Barack Obama was in full socialistic, redistributionist mode yesterday. At a speech before an audience at the “progressive” Center for American Progress, he called income inequality a “defining challenge” for the U.S. Memories of his comments to Joe the Plumber flood the mind. First of all, one must ignore the fact that income inequality has only increased on his watch; so if that’s what he calls a defining challenge, he’s obviously failed at meeting it.
For someone like Obama, it is a fundamental tenet that some people just have too much, and it’s the government’s job to take from the wealthy and give to those further down the economic ladder. This recalls comments he made back in 2010, when he argued, “I do think at a certain point you’ve made enough money.” Well, is it his responsibility to determine who has reached that point, if indeed such a point exists? There are some rich people I would like to see making even more money because they use it to promote the Gospel. Should the government step in and stop them? Let’s go back to a basic Scriptural principle—it’s not money that’s evil, but the love of money that leads us astray.
The president’s speech yesterday was full of all the progressive buzzwords and hobby horses: education spending; collective bargaining; minimum wage; Social Security; Medicare; and of course the omnipresent Obamacare. The progressive vision of how to create prosperity for all is for the government to shift the wealth around and get more of the wealth for itself so it can help us spend our way into prosperity. If that sounds a trifle contradictory to you, it only means you can think clearly:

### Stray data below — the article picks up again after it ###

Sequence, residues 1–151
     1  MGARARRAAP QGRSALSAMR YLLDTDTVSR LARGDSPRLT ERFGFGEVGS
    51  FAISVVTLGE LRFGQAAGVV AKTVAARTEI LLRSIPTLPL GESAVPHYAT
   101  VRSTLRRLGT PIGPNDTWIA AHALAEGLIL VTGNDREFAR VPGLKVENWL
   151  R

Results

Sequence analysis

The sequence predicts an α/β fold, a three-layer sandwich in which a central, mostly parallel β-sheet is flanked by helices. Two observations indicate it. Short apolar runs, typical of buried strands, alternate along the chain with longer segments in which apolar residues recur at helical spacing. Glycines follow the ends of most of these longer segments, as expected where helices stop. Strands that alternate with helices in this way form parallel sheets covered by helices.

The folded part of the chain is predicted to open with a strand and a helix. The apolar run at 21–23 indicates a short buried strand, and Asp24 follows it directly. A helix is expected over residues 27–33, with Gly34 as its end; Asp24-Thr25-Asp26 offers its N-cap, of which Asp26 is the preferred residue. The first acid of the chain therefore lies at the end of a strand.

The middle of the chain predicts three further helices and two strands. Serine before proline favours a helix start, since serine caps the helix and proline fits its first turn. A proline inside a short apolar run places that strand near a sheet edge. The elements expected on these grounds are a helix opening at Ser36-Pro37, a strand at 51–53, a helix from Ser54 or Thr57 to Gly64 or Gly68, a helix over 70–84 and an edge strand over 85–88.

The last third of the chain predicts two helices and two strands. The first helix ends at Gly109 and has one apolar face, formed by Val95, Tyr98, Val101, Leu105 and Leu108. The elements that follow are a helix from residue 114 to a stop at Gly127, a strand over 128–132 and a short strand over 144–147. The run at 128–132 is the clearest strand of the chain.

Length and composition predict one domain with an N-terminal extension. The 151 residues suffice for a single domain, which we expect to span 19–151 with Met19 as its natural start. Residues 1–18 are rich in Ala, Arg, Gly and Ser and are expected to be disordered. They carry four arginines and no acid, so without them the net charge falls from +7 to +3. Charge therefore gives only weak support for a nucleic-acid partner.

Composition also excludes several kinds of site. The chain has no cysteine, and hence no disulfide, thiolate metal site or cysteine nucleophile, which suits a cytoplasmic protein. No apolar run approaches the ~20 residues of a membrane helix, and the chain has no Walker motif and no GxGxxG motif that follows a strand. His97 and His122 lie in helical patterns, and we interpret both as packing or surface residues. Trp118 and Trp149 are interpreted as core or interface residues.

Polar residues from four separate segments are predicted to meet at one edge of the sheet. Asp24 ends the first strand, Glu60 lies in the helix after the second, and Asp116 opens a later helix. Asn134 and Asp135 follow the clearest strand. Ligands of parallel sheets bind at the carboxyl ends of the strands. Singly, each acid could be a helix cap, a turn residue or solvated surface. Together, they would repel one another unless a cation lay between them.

And don’t expect this administration to be honest about how its policies are working. We now know they fudged the unemployment numbers right before the 2012 election to make it appear things were rosier than everyone thought they were:
Trust is not the hallmark of this White House. Honesty and transparency are in short supply. Why should we ever believe anything that emanates from that source? And given the progressive ideology that dominates, why would we want to give them even more funds to carry out their income inequality project?
Obama began his term of office with a national debt of $9 trillion; it’s now more than $17 trillion. How’s that spending-our-way-into-prosperity approach working out?